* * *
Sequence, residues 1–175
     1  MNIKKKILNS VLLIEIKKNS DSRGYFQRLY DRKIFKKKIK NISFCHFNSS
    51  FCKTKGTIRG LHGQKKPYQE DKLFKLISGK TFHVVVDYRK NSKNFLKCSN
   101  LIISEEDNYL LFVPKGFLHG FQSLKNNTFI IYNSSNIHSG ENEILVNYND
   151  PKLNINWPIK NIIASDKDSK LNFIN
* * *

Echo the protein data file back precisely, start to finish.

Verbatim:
Sequence, residues 1–175
     1  MNIKKKILNS VLLIEIKKNS DSRGYFQRLY DRKIFKKKIK NISFCHFNSS
    51  FCKTKGTIRG LHGQKKPYQE DKLFKLISGK TFHVVVDYRK NSKNFLKCSN
   101  LIISEEDNYL LFVPKGFLHG FQSLKNNTFI IYNSSNIHSG ENEILVNYND
   151  PKLNINWPIK NIIASDKDSK LNFIN